By Scott Newman
Real estate is back in 2012 in a big way. Many markets are seeing price increases in response to dwindling inventories as more and more buyers are getting off the fence every day. With that in mind — especially since it’s been so long since we’ve had the opportunity to use the phrase “multiple offer” — I felt it would be pertinent and relevant to go through some best practices for handling multiple offer situations to make sure you’re in line with ethical and fair business practices.
Don’t Forget Your Loyalties: This is a big one, and it’s obvious, but many agents forget that you can’t disclose information that your client doesn’t authorize. No where is it written that you must disclose whether or not you have other offers on the table. Unless your seller has specifically directed you to do so, you should not automatically answer that question if asked by a buyer’s agent or buyer.
I have seen situations where a buyer will pull out of a deal because they think there is too much competition, and you can be legally liable for any negative consequence that results from your disclosing information you shouldn’t have.
To summarize, don’t ever forget that your ultimate loyalties lie with your seller, and just because you’re asked a question doesn’t mean you have to answer.
Treat Everyone the Same: This is another obvious one, but it’s important and bears repeating. To avoid accusations, legal action, and overall negative impact to your reputation as a professional, it’s imperative that you treat everyone the same way.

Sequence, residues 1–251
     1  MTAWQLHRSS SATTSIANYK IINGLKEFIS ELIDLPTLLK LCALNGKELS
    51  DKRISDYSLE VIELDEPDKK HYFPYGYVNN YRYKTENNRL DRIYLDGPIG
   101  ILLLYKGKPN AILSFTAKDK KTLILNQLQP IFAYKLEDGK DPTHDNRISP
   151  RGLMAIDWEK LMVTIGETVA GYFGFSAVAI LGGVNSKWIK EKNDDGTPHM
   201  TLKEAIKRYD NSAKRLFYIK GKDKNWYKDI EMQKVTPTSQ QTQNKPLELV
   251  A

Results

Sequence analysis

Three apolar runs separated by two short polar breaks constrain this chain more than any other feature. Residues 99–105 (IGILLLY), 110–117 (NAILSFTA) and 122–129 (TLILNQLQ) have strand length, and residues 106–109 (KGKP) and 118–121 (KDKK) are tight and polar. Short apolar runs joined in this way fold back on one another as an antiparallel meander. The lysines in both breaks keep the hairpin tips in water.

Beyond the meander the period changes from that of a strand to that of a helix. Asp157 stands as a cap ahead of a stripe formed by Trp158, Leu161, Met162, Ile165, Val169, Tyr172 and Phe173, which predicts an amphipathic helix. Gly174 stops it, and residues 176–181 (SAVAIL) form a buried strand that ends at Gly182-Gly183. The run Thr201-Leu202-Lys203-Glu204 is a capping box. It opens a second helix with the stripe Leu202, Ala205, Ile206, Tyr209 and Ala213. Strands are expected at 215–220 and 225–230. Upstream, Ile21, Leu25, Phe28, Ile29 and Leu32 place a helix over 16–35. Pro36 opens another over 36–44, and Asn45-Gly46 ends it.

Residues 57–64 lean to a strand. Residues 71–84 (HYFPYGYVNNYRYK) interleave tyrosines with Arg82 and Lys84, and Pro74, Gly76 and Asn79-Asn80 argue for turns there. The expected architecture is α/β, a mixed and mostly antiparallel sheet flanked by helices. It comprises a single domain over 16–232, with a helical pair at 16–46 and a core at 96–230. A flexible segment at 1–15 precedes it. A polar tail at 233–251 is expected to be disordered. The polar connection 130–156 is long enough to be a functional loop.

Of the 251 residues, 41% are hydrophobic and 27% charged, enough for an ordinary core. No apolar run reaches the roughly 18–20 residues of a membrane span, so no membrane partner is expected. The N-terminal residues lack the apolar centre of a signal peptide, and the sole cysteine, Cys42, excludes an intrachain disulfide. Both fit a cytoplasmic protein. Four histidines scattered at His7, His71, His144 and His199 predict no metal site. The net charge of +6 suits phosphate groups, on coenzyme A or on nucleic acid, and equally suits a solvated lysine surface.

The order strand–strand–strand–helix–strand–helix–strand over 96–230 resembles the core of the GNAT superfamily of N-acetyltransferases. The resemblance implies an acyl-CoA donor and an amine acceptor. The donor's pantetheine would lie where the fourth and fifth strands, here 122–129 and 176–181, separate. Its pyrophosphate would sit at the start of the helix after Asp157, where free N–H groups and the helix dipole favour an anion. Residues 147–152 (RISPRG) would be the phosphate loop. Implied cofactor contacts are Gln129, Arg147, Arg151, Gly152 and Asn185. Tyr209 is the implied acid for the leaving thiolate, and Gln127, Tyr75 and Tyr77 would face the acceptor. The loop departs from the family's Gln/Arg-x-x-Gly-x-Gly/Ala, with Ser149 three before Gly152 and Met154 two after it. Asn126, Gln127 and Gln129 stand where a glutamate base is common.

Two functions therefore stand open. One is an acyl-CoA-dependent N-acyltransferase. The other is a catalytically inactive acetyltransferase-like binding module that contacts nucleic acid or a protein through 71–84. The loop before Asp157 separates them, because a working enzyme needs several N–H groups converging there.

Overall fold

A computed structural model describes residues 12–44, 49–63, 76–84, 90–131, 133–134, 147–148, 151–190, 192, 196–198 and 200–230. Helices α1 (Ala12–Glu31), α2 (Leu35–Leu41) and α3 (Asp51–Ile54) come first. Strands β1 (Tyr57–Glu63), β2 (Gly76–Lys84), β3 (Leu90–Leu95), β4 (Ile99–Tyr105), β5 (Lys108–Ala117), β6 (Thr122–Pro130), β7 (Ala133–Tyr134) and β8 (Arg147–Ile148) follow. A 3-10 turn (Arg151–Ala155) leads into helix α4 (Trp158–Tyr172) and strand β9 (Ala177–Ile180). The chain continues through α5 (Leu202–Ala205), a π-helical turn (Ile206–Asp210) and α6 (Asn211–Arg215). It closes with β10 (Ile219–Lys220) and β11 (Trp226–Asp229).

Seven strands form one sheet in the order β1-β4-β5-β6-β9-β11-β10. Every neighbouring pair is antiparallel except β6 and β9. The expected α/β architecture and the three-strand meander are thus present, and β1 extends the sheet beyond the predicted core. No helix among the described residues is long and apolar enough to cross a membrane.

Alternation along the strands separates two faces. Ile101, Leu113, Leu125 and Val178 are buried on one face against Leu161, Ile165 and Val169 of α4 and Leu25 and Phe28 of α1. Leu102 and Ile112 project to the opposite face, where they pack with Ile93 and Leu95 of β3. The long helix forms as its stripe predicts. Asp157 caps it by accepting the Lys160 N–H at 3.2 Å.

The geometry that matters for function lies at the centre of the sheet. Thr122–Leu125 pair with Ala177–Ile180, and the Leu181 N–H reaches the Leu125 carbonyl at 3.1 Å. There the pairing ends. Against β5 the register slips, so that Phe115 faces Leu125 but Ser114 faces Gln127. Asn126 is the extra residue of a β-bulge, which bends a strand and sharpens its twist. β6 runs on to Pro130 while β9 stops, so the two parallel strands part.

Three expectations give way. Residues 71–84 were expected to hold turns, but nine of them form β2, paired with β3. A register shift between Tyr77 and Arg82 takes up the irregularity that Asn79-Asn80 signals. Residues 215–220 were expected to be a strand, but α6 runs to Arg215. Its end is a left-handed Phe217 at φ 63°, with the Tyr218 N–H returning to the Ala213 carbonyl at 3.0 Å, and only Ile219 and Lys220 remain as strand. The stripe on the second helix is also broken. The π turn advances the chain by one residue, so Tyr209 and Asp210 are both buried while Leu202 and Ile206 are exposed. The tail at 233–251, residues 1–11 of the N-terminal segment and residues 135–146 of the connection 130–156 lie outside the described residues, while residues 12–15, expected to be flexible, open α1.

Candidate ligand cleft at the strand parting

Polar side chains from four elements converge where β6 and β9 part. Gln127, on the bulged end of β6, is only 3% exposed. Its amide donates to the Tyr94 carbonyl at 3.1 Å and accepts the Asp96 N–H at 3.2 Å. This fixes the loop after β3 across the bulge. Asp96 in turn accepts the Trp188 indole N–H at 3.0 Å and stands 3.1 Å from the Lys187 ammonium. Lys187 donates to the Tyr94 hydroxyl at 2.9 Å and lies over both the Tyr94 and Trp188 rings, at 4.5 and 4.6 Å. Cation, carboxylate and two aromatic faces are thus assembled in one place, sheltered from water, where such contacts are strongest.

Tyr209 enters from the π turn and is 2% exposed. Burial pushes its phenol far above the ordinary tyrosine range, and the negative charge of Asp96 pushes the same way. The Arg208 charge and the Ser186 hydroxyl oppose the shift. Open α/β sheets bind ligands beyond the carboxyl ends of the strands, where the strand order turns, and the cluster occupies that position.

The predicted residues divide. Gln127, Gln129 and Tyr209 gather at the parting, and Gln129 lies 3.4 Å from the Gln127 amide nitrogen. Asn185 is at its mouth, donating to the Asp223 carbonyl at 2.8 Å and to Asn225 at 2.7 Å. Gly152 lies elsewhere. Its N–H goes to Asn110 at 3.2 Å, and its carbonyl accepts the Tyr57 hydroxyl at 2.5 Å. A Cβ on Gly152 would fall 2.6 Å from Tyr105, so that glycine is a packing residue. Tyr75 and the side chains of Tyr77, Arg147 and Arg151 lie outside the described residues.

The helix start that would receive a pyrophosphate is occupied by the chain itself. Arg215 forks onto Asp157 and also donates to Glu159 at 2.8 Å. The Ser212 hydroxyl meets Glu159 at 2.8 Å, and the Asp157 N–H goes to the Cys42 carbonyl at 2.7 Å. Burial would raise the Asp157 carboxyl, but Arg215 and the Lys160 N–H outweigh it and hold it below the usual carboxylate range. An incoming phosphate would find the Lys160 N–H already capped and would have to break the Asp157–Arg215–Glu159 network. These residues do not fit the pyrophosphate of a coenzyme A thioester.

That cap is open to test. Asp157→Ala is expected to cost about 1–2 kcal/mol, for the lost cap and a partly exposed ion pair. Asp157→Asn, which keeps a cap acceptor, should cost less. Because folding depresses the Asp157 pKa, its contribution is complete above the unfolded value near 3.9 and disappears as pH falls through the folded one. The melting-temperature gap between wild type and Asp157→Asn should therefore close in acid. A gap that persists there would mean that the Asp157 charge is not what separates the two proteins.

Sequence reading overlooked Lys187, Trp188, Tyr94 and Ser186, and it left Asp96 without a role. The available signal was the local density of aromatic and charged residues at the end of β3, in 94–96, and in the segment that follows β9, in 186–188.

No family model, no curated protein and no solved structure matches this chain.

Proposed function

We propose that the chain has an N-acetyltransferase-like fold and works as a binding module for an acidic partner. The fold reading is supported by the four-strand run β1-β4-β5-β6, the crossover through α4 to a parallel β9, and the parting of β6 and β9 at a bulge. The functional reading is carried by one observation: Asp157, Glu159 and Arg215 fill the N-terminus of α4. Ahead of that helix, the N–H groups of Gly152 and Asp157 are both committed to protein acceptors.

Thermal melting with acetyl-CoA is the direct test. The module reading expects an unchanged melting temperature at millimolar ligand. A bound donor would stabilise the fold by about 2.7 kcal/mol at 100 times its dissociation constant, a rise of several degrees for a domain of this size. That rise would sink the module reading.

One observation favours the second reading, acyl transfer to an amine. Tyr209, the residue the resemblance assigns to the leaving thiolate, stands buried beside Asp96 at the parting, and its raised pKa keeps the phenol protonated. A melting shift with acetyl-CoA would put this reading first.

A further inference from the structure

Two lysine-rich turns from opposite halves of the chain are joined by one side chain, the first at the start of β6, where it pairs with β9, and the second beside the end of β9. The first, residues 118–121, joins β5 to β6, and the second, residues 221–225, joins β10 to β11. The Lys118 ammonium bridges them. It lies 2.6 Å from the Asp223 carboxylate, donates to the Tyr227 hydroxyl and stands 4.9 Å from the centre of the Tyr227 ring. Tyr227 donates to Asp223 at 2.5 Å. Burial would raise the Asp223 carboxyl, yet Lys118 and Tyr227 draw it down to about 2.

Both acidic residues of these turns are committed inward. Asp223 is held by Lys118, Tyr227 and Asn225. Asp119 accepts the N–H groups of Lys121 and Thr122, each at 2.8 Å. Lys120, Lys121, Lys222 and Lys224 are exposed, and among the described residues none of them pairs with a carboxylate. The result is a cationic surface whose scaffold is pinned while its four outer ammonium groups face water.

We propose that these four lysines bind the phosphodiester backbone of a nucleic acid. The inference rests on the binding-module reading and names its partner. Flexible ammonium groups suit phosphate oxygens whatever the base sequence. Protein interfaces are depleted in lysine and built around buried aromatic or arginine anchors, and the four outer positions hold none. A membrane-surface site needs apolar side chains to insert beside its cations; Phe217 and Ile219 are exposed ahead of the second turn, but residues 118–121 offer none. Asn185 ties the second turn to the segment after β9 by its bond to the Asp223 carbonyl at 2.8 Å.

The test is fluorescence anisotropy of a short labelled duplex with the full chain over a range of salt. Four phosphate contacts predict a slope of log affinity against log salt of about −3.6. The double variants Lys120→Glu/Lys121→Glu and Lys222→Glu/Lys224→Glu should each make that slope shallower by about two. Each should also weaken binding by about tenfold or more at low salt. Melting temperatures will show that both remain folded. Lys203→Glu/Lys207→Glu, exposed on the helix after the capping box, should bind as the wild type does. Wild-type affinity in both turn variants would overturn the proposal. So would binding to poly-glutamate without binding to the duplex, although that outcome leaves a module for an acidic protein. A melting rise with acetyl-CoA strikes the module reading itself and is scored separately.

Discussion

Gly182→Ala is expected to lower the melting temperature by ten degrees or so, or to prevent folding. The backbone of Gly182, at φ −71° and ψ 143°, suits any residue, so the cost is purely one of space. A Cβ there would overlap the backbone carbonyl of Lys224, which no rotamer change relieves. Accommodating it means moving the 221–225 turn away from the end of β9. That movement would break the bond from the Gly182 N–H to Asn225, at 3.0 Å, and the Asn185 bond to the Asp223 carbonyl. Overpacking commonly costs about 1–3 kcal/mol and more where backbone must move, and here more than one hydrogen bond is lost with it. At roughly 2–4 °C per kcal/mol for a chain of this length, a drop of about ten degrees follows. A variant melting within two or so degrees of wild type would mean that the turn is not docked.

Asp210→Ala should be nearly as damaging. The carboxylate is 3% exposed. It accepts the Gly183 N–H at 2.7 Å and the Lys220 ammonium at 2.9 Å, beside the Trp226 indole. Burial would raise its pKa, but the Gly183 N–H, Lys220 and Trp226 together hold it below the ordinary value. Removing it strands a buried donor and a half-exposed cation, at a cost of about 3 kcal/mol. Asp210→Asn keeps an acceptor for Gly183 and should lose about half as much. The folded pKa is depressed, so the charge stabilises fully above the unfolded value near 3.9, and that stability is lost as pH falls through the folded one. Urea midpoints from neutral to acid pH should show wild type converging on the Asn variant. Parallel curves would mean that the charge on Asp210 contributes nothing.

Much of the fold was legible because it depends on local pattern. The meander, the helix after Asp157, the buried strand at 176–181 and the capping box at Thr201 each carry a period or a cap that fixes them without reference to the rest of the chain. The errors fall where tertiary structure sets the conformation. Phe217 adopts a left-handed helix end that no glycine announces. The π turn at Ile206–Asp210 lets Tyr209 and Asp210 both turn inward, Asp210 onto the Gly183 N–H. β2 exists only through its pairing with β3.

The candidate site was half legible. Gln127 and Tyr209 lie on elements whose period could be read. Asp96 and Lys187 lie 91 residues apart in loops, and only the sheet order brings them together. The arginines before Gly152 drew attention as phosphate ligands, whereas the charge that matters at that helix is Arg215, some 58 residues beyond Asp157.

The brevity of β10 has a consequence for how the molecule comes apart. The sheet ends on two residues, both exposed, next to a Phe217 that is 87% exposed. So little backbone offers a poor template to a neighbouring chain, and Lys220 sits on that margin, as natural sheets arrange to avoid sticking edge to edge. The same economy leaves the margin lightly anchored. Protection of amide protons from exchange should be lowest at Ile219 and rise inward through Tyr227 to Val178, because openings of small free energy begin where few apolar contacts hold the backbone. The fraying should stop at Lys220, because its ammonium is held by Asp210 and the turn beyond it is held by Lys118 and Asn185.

If you’re sending out a request for highest and best, send the exact same e-mail, forms, etc., to all interested parties who have seen the property so there is absolutely no doubt that everyone was informed of the status and had a chance to make an offer if they wanted. It’s better to e-mail an agent that showed the place six months ago along with everyone else, than it is to have your deal blown up by a lawsuit from a buyer who feels they were unfairly kept from knowing the latest update and opportunity to place an offer.
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By Toby Boyce
Sitting in the classroom taking licensure classes to become a licensed real estate agent in the state of Ohio, suddenly it becomes very obvious: They want to make sure you know people don’t like you.
“You are spoken in the same breath as used car salesmen,” a local real estate attorney is fond of stating. (Of course he often neglected to mention that the other half of the comparison is to his own profession.)
However, are we in the same class as used car salesmen? Nope. Not even close according to the U.S. Better Business Bureau’s recently released 2010 numbers . In fact, the number of complaints against real estate agents isn’t even in the top 50 industries. The most complaints in 2010 were registered against:
1. Television – Cable, CATV & Satellite: 30,408
2. Cellular Phones Services & Equipment: 24,876
3. Auto Dealers – New Cars: 23,906
4. Banks: 22,609
5. Collection Agencies: 14,966
6. Auto Dealers – Used Cars: 13,902
Real estate agents slipped in the 54th position on the list with 3,034 complaints. Which I believe was made even more impressive by the fact that more than 400,000 inquires were made for real estate agents of the Better Business Bureau in 2010.
So next time you look in the mirror, remember, “Dog gone it, people like you.”
Toby Boyce, MBA, is a real estate practitioner with Keller Williams Consultants Realty in Westerville, Ohio. Visit his Web site: www.delawareohrealestate.com.